Locally operated DSOs are also popping up.
Lake Success-based ProHEALTH Dental has expanded to three locations and will be at seven by August, said CEO Norton Travis. It has 29 dentists in total, 11 of them in Lake Success.
Dental365, a New Hyde Park-based organization, is expanding as it picks up practices from veteran dentists in the region. It has 21 practices, 13 of them on Long Island, said CEO Dr. Scott Asnis, a dentist in Bellmore. By August it will have at least 16 on the Island and 27 overall. It currently has 65 dentists on staff, 40 on the Island.
Asnis added that another four or five Long Island practices will be folded into the company.
“I’ve been a dentist for 35 years, and I understand the stress involved in running a practice,” Asnis said. “That’s why dentists reach out to us all the time, multiple times per week.”
Dental365 handles insurance claims, human resources, payroll and supply purchases for practices they take over, Asnis said.
“We pay their malpractice, and we also support their technology,” he said. “We’ve spent hundreds of thousands of dollars on new technology.”
Dental365 has spent nearly $1 million on technology, such as conebeam 3D imaging and digital scanners, which can handle impressions without “the goop.”
Independent dentists are also spending money on technology, Preble said.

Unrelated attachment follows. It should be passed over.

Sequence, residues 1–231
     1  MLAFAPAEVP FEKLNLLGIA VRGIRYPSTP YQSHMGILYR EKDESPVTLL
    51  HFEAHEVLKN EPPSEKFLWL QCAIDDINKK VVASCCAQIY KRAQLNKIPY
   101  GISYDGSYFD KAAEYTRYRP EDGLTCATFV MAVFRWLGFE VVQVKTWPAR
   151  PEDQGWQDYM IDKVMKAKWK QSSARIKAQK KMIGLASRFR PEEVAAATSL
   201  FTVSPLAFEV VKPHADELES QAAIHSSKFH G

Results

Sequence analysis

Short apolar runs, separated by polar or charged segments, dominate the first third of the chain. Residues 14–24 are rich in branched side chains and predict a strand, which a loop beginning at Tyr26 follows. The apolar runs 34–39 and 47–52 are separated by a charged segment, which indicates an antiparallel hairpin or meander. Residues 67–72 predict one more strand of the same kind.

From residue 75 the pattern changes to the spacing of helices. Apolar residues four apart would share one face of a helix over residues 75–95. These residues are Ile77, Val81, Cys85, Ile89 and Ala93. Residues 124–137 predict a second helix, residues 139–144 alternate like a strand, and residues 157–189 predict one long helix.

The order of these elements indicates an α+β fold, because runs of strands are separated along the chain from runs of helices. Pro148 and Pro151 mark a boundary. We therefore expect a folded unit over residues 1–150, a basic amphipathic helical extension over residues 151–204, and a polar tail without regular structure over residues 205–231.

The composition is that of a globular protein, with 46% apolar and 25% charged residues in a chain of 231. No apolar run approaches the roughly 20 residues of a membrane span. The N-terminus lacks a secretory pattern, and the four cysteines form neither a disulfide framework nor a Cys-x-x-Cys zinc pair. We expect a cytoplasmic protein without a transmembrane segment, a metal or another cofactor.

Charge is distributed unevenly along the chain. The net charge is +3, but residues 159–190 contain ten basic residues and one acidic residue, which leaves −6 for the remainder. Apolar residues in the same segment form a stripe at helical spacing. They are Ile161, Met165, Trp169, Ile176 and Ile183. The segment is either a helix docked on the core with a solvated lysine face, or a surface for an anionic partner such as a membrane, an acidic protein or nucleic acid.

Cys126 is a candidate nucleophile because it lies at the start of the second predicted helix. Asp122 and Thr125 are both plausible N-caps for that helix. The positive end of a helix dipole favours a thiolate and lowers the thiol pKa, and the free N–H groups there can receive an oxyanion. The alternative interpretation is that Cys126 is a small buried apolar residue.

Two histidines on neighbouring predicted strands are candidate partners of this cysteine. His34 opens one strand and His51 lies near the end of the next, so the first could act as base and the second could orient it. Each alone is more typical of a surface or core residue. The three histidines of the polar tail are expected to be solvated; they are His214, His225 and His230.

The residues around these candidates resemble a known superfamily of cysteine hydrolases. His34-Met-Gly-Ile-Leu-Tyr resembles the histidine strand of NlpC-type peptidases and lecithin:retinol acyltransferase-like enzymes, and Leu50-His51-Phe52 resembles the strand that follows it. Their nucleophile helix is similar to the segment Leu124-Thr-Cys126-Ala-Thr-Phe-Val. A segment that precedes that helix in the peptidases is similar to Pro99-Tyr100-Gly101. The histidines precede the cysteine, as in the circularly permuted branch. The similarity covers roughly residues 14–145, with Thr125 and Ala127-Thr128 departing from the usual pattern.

For example, Dr. Alan Kantro, a dentist in Deer Park, has invested about $80,000 on a laser that he uses for periodontal surgery, crowns, root canals “and is really great on kids because we can do small fillings without anesthesia. It works on adults too.”
He also spent $30,000 on a digital X-ray system.
“It’s good for the patient, and it’s also good for the future of the practice,” Kantro said. “If you look at it from the investment point of view, if you were to sell the practice, you need something to sell. You’re not going to be able to sell a teardown.”
Independent dentists are also turning to dental associations, where strength in numbers helps make purchases in bulk. Dental associations are constituent groups with dues-paying members.
“The California Dental Association is offering a model that has DSO-like services to their members, such as buying supplies and leveraging their size for credit card processing fees,” said Dr. Paul Leary, owner of Smithtown Family Dentistry, and a trustee-elect to the ADA.
The New York State Dental Association could follow suit, said Dr. Mark Feldman, executive director of the Albany-based organization.
“By leveraging the buying power of over 12,000 dentists we would hope to help them obtain discounts on supplies and services, and we are exploring ways to do that,” Feldman said. “By operating more efficient offices, it should make dental care more readily available for their patients.”
Leary said his overhead, which includes staffing, insurance, supplies and real estate is “about 65 percent to 70 percent of all revenue. Most businesses wouldn’t even open the store [with that level of expenses], so any help with efficiencies is appreciated.”
But lowering costs won’t necessarily turn the tide back toward independents, Vujicic at the ADA said.
“Any help should make ownership a little less daunting,” he said. “But that isn’t a magic bullet. The desire to be mobile, the work-life balance and the complexity of health care are all bigger factors, and these are extremely powerful factors.”